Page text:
The goal for Elk Grove Unified School District is to help kids excel—academically, socially and mentally.
“The only way I know how to do that is if adults get better at what we do,” says Christopher Hoffman, the district’s superintendent. “When a student graduates, we want to make sure we gave them everything they needed to be successful, happy and healthy. For that to happen, our staff needs to be successful, happy and healthy, too.”
About two years ago, EGUSD partnered with The Arbinger Institute. According to its website, the institute “can positively affect an organization’s culture, resolve conflict and facilitate dramatically better organizational results.” Several Fortune 500 companies, municipal governments and professional sports teams have partnered with the institute.
The institute introduced Hoffman and several EGUSD staff members to the “outward mindset concept,” which Hoffman describes as “being open to the humanity of each person you come in contact with.” He said the concept resonated with him as a father, husband, brother and leader.
“Our vision is to help everyone understand the hopes, dreams and challenges of each person they work with,” Hoffman says. “As you understand their humanity—their hopes, dreams and challenges—can you align your goals, in the same way, to help them meet their hopes, dreams and challenges? Imagine if you had an entire organization that worked in this manner.”
Hoffman expects it will take three to five years before the vision is rolled out to the entire school district, which is the fifth largest in California (63,000 students and 7,000 staff members). This January and March, 360 staff members will be trained by EGUSD certified trainers with the hope that the information learned will support them in their personal and professional growth.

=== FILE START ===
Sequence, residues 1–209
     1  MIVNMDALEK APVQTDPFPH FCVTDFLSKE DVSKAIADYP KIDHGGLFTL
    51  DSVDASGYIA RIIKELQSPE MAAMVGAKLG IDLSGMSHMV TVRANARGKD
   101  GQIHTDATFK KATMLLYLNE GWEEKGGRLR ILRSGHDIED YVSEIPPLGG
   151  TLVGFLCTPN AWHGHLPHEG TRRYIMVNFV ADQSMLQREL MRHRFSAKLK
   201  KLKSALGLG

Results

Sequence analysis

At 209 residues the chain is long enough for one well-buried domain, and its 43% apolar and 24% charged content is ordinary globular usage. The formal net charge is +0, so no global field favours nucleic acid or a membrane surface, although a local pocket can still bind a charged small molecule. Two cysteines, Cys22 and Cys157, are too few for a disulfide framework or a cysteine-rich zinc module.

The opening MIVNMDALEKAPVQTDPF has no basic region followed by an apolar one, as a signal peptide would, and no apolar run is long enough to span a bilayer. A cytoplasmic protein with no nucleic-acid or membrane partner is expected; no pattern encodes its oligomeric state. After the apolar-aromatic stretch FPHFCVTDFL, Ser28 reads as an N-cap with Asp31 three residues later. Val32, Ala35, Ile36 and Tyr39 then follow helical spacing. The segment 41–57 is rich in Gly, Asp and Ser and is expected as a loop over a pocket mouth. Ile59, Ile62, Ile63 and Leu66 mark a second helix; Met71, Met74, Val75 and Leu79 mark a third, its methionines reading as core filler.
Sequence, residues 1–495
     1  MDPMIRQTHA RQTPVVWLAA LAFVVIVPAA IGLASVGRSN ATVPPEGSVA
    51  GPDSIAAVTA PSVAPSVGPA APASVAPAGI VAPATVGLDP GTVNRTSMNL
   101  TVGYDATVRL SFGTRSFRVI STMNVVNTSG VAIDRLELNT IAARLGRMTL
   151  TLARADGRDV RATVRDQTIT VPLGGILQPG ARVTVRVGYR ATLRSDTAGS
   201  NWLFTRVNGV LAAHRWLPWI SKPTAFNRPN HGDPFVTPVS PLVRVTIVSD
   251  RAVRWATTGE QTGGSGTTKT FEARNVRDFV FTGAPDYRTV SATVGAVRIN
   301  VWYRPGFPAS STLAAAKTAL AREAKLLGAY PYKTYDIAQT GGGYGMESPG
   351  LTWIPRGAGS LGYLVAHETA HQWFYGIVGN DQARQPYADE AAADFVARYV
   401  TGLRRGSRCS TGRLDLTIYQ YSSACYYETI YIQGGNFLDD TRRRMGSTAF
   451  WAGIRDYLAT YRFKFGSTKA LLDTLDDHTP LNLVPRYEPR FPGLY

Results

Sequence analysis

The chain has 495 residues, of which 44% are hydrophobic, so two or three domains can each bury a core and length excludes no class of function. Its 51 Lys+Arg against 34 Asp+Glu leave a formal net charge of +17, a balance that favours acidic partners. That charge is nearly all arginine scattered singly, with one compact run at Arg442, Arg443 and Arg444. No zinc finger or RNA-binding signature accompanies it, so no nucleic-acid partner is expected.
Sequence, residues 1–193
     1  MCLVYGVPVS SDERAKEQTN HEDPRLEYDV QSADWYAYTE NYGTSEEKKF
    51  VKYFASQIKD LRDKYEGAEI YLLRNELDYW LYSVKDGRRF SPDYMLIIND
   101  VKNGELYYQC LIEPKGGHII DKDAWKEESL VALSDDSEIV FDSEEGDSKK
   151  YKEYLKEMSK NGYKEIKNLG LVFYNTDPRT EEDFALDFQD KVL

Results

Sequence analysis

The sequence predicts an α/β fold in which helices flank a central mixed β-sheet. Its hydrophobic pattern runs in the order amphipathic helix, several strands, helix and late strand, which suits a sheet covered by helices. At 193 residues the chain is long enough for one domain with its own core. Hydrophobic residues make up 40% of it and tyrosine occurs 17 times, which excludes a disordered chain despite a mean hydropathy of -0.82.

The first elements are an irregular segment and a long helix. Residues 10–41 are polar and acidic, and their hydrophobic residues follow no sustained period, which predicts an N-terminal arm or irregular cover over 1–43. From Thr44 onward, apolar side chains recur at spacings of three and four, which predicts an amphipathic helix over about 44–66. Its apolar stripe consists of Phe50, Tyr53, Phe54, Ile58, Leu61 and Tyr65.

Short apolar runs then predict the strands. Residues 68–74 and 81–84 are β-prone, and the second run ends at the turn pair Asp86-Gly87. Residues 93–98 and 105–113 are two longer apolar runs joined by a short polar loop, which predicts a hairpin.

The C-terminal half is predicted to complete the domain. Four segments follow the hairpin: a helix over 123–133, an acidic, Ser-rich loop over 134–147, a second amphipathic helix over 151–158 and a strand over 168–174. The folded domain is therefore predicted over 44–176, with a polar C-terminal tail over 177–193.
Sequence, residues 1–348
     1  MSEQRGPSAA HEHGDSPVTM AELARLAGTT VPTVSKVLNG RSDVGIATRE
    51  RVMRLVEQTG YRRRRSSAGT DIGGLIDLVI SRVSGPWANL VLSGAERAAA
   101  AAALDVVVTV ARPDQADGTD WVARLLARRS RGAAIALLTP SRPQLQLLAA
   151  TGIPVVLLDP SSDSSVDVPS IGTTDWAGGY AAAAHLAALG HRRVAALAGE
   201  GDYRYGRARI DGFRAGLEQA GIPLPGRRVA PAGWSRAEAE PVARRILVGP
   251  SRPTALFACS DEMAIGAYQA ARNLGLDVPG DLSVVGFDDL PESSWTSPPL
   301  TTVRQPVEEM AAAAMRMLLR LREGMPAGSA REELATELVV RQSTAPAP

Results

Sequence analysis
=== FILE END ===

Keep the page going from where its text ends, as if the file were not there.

So far, approximately 100 district and school site leaders have been introduced to the outward mindset concept.
Richard Gutierrez, a new principal at Valley High School, says he likes the concept’s emphasis on engaging with others.
“This training has taught me how to reach out to staff, our communities and families,” Gutierrez says. “It has given me an opportunity to see what areas I need to focus on—such as communicating with others and understanding what everyone’s needs are. This training has given me a new perspective that I can share with my staff.”
Charles Amey, principal at Edward Harris Junior Middle School, said the concept has helped him to put others first.
“I learned how to take a step back and realize that our staff members have a million other things going on in their personal lives outside of the school day—whether it’s taking care of a sick parent or a child with special needs,” Amey says. “As a whole, we need to be sensitive to the needs of our staff.”
Hoffman is excited to see the concept reach more staff members over the next few years.
“I hope each individual has the same experience I had and find the opportunity to grow and relate to other people throughout our organization,” Hoffman says. “At EGUSD, we’re creating a place where kids and adults can achieve at high levels. We have lots of room for improvement, but there’s no place else where I’d rather be doing the work.”